Through poor platform design, our users have learned that they may lose their inputs following error notification or after system time-outs, etc. Inputs may require research away from the workstation or error messaging may frustrate the experience.

The use of Smart Defaults aids error management. A smart default input may not be appropriate, but showing only the required inputs and offering the optional ones within a show/hide interaction helps reduce the immediate load.

A form with optional inputs hidden
Using a show and hide heading feature to hide optional HTML form inputs

The new design was more capable and gave an equal experience across browsers and devices showing accordion bars by default.

The new design using bars
Using a show and hide heading feature to show optional HTML form inputs

Go to Next tab

Use in Long Documents

Show/hide in longer content doesn't need to be presented as a wide bar or button. It can be indicated with ellipses or a, "Show more" link (reversed to "Show less" on reveal), etc. Scripting can automate the interaction after a specified number of characters. It's an easy technique, but one best tested with your users to be certain of the right controls. (See the filtered data table in the next tab).

The skill is in choosing what is visible to attract our user, and what is supporting information that can be revealed on demand. That and not overdoing the show/hide leaving your user bored and wanting only to move on to the next site!

One of many possible examples of a "Show more" link
Hiding long texts with a 'Show More' lin.

Go to Next tab

Use in Tables

Long tables can quickly overload our users' motor and cognitive experience. Rows can be hidden dynamically on our users' demand using any number of filter strategies. Care should be taken to explain what the filters are and perhaps to show how many records (rows) remain.

An example filtered table is demonstrated within my Inclusive and Responsive Table UX article (illustrated below).

Before the filter is applied to the table
Slide Two: device screen with figure two displayed
After the filter is applied to the table
Slide Two: device screen with figure two displayed

Back to First tab

Strengths and weaknesses

Hiding everything may be as frustrating, concerning, or inappropriate as presenting a mahoosive wall of content. The strategies available to us should be fit to purpose and meet our users' needs.

The user experience

Before hiding content, be certain of why you want to hide it. To reveal the content invariably takes some motor and cognitive effort on the part of our user. Be certain that their effort is rewarded and valued.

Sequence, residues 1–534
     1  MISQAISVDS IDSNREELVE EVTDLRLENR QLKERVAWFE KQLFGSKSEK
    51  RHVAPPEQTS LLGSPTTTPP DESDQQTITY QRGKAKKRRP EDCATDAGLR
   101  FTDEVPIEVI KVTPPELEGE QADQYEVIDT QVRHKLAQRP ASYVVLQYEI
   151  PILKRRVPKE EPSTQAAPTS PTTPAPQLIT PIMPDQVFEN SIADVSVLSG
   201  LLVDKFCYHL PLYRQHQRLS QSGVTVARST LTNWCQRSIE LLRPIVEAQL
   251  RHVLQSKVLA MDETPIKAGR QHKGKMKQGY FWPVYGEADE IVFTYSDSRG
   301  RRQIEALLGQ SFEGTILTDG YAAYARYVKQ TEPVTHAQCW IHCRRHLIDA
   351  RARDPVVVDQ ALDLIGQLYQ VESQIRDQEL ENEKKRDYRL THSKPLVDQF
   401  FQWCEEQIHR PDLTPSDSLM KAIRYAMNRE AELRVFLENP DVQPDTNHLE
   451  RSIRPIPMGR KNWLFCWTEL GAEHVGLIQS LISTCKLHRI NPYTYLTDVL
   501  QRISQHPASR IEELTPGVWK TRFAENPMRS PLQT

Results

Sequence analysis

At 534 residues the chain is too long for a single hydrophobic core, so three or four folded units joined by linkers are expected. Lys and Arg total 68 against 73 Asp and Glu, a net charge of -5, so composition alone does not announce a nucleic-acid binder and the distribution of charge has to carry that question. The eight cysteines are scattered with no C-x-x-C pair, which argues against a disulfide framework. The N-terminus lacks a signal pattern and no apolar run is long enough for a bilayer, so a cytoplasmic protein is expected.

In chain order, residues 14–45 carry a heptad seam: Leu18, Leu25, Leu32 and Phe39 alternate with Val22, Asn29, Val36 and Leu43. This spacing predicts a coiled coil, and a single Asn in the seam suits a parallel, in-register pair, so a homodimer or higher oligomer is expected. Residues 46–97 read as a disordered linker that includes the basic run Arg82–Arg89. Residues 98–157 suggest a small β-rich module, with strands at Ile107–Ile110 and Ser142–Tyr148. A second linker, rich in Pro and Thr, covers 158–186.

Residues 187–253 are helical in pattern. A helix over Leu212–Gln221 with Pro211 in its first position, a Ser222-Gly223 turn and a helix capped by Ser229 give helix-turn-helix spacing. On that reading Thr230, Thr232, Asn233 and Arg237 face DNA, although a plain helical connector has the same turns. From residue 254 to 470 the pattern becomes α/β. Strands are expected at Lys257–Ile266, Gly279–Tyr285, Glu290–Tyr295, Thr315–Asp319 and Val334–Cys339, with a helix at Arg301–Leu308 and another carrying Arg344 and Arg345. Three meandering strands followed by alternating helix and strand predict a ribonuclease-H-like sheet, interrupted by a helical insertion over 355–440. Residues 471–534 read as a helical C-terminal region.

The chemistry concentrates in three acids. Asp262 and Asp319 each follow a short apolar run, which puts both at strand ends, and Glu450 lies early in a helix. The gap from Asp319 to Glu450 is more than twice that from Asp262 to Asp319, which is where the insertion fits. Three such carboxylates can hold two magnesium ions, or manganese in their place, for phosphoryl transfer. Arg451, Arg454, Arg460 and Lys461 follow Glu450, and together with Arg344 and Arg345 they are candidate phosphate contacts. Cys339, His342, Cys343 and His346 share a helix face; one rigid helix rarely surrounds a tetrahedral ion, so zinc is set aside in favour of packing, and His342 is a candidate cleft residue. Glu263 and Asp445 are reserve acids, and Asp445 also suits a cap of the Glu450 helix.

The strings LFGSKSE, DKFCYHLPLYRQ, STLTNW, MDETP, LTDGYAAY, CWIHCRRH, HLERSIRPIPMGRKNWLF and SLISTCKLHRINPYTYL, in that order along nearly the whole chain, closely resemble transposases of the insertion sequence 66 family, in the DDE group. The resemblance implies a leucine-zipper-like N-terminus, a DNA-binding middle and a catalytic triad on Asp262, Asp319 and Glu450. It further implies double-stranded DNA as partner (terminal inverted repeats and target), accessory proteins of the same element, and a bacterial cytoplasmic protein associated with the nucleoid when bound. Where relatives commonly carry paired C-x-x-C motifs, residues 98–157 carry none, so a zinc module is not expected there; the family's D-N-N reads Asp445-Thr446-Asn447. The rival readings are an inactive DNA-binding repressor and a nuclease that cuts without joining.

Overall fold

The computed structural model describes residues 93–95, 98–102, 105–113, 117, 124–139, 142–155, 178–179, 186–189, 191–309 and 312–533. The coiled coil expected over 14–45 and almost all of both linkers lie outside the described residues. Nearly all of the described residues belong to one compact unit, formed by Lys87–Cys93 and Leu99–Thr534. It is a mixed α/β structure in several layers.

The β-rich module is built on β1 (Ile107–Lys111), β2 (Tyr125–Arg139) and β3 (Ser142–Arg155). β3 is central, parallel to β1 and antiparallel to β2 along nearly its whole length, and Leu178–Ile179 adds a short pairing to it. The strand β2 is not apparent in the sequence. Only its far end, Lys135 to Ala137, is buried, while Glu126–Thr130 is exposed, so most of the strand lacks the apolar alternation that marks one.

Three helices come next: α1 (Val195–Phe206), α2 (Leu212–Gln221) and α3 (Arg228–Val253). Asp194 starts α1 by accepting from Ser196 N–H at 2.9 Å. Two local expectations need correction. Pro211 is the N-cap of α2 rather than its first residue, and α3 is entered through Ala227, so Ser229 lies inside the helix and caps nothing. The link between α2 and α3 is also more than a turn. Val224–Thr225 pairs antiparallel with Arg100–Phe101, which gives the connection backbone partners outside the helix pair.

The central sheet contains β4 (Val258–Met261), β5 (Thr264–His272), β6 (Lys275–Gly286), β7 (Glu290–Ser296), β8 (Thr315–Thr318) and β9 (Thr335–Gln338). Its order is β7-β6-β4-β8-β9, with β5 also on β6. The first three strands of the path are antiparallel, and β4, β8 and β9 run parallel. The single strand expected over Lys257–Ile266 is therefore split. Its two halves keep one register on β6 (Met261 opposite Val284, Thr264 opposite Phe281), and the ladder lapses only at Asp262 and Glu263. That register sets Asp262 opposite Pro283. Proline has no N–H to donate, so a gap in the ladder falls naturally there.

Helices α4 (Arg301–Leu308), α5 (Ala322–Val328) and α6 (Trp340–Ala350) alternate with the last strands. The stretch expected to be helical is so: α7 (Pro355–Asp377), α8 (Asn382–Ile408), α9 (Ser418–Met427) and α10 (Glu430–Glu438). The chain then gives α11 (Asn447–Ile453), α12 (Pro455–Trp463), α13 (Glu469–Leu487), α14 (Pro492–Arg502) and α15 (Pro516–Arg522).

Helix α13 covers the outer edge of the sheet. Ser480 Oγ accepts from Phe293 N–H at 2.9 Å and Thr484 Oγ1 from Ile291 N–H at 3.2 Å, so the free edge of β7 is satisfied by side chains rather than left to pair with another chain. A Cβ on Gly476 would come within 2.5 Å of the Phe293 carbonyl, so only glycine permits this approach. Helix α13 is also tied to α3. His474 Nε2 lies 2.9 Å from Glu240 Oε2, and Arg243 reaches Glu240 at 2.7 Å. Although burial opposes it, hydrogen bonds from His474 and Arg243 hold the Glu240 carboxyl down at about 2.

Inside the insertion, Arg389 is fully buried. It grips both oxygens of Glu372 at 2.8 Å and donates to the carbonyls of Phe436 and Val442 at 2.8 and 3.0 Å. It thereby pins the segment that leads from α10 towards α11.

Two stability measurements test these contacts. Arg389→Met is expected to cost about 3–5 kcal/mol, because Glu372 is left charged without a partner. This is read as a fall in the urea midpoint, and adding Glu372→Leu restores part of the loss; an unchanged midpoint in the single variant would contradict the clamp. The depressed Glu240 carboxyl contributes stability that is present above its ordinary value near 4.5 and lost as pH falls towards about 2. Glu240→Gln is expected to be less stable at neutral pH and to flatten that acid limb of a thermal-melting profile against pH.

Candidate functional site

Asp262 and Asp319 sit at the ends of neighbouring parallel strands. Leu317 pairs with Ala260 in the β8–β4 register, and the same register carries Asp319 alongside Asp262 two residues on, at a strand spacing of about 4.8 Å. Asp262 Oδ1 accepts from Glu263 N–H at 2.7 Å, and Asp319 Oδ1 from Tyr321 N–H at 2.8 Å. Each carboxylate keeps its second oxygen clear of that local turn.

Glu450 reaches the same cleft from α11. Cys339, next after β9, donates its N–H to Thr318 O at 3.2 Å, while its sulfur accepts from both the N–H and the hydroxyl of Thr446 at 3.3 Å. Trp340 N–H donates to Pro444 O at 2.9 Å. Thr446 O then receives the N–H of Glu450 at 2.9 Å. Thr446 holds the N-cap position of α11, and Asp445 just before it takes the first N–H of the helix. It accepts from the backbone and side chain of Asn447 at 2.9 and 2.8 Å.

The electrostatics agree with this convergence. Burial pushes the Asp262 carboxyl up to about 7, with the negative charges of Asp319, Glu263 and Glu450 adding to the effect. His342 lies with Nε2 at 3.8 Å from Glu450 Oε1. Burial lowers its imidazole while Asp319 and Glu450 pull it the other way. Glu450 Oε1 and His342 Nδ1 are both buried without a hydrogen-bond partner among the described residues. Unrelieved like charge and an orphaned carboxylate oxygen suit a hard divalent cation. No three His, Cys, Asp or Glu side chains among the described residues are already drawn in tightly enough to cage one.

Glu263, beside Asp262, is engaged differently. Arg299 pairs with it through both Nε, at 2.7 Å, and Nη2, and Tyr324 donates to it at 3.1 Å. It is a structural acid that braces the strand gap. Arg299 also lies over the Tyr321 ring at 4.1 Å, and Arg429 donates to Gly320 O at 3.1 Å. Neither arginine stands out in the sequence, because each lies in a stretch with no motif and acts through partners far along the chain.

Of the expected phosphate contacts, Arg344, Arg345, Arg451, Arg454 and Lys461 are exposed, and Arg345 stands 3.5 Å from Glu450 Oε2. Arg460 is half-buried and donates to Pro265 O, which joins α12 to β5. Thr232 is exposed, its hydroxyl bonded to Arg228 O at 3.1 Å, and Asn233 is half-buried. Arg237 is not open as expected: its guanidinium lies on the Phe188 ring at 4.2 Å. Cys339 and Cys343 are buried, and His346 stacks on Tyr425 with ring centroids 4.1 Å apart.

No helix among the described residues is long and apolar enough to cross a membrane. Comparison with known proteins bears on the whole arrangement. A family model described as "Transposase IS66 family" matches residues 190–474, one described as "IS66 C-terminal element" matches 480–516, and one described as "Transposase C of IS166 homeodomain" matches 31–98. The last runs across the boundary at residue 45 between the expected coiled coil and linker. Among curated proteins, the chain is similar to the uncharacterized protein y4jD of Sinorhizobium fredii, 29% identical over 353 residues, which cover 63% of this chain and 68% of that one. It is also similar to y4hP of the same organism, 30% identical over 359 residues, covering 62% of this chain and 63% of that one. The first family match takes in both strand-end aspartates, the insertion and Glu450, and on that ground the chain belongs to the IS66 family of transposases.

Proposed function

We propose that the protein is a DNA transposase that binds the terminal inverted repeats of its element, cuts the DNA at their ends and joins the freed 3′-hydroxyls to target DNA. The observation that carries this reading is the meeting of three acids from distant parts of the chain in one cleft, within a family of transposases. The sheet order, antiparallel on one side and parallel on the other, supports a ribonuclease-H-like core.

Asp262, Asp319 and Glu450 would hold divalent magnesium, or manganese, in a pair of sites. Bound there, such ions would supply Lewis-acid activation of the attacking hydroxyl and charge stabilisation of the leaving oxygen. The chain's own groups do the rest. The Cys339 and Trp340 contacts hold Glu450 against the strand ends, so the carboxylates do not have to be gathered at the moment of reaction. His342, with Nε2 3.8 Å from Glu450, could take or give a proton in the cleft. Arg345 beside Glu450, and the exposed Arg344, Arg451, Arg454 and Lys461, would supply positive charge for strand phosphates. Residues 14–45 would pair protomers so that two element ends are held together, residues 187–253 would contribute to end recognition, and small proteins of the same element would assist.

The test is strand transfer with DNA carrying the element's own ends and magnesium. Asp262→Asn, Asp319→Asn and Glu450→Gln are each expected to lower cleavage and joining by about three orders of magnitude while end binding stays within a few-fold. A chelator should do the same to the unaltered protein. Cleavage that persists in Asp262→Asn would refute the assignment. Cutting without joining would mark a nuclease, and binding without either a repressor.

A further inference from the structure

Accessibility and usability

Accessibility and usability are two factors we must consider. Our ability to present almost any HTML element as a show/hide button must be mitigated with accessibility adjuncts such as tab-index, element roles, ARIA controls, and scripting to ensure pointer, touch, and keyboard controls are consistent with their semantic element equivalent input buttons.

Where there is a need to show/hide, and where the strategy of choice is accessible and usable, our user can be oriented to our content and made able to scan headings quickly to find what they want, or what we need them to. We can "time" content, organise it, and reveal it progressively to encourage and ease learning. There are many and varied presentation strategies open to us and to our users.

As with any interaction, we must use it inclusively and when needed: it depends when or how that may be. For example, there follow some notes on the choice of symbols. They are supplementary to the main content. Feel free to reveal them.

Technology hurdles

The JQuery scripting library hides content by removing it from the HTML flow. To work accessibly, we first load the HTML, and then add a class and .hide() its content. Any HTML element can be used to trigger the event and we can add ARIA adjuncts to aid accessibility.

Content removed from the HTML flow is not accessible to some assistive technologies nor most browser reader views. The content has been removed from the flow, after all. There are three simple techniques to overcome this:

  • Move the content to outside the viewport view.
  • Toggle the height of the content.
  • Use CSS to mask content overflow (i.e. use overflow:hidden).

Which technique you choose depends on your and your UI's circumstance. Each have strengths and weaknesses. For example, moving content 9999px left of the viewport can cause browser performance issues (the browser is still drawing the UI even if we cannot view it). Bringing it back into view requires careful technique when using transitions, transformations, or animations.

Note: although we can use the tabindex and ARIA roles and controls to convert static elements into accessible buttons, it should be noted that the semantic HTML element of choice for this interaction is the input type "button". It occurs naturally in the tab index, is inherently accessible and usable, and can be styled as we wish.


Symbols are not necessary but may help your visual user to discern the interaction's intent. Images don't need to be accessible: you can call them via the CSS. Use roles and ARIA controls for accessibility purposes.